Mia Wolfe is one of many in the ship of recruits, but her dogged determination to keep both her unconscious friend and herself alive with one gas mask during the fire snags at Alphin’s heart. A heart most people claimed he didn’t have.

He assumes that the raw recruit will be assigned somewhere else in the war effort, probably to the planet below. Which gives him a bit of license to let the young woman know how much he admires her courage, and lets him just be human for a minute in her company, instead of always sealing himself inside his hard ass, Captain Air Fighter Forces (CAFF) persona.

(His rank feels borrowed directly from BSG, as both Lee Adama and Starbuck served as CAFF on that series at different times. Leigh is high in the chain of command, serving as the commander of all the fighter squadrons on the ship.)

Of course, Murphy’s Law states that the one woman Leigh let his guard down in front of is assigned to the fighter squadron. Now she’s not just forbidden because she’s a recruit, but because she is his recruit and he will have the responsibility of judging her fitness for the squad or washing her out and kicking her planetside to the ground forces.

They are as stupid for each other as romance readers could want. They both know that any relationship is a career-killingly bad idea for both of them, but they can’t seem to resist. To make the situation fraught with even more peril, the ship’s commander, Kai Yang from Escape Velocity, is fighting for his career as he tries to ferret out just how many CSS moles are aboard the Knox, and he asks for Leigh’s help.

Leigh gets Mia Wolfe involved in his covert intelligence operation, which provides even more opportunities for them to be dangerously alone together. But as the attacks against them and the Knox escalate, their relationship also shows them just what they have to fight for.

If they survive.

Escape Rating B+: I like this series a lot. It reminds me of a cross between BSG and Stargate SG1, but in my book those are awfully good progenitors for a military SF series.

The relationship between Mia and Leigh is a slow burn that heats up fast. And that any relationship will be extremely damaging to both their careers just adds that luscious flavor of forbidden fruit to the whole thing.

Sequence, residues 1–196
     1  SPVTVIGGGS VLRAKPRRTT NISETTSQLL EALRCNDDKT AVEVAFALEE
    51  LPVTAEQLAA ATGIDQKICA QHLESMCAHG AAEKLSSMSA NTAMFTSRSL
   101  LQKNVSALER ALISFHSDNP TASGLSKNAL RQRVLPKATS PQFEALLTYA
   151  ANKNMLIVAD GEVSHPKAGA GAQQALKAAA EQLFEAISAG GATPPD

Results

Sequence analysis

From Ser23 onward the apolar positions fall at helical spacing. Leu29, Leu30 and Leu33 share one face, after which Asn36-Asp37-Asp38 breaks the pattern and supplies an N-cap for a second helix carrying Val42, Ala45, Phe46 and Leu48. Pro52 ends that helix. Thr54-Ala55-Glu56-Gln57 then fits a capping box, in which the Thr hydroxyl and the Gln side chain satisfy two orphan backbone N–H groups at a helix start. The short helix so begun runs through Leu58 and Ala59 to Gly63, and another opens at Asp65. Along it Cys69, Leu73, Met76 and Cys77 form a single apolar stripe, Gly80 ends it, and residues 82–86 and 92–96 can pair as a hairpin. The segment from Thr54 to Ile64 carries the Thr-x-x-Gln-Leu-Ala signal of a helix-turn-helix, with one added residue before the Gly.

It’s easy to see why their relationship is so dangerous. At the moment, he controls her future career. And by entering into a relationship with a recruit, he leaves himself wide open to charges of favoritism by any other recruit. And then there’s the power imbalance. This just shouldn’t happen.

But they have something for each other. Leigh is tired of having nothing in his life except his job. A good job will not love you back, as the saying goes. Mia has the potential to be his equal, given time and experience. But with a deadly war escalating, time is one thing they do not have.

There is a traitor in their midst. Leigh knows it, and so does Yang, but can’t figure out who among his trusted officers might be the moles. Mia has some mad computer skills, and is capable of ferreting out the truth, if Leigh can keep them both alive.

The tension ratchets up in every direction. Not just the romantic and sexual tension, but the tension of the situation. They need to find the moles and plug the leak. They need to keep their relationship under wraps. Yang needs to fend off the bureaucrats who want to end his career, and possibly the effectiveness of the Knox along with it. And the moles are out to get them personally, as well as get the Knox and the Alliance in general. (I have a sneaking suspicion that the political movement against Yang may turn out to also be a product of CSS moles, but only future entries in the series (please let there be some!) will tell me if I’m right)

The plot doesn’t let up for a minute.

As much as I’m enjoying this story, I still want to know a lot more about the crazy CSS. Because we see everything from the side of the Knox, we aren’t able to get deeply into their motives and operation. They still seem like lunatic fringe fundamentalists. For this story to move from B+ into the A’s this reader needs to see more explanation for why these bad guys have turned so bad.

But Damage Control (and Escape Velocity), the continuing adventures of the Valiant Knox, are still a marvelously fun ride.


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So that new readers can get caught up with the Valiant Knox, Entangled is giving away two ebook copies of Escape Velocity to lucky commenters on this tour.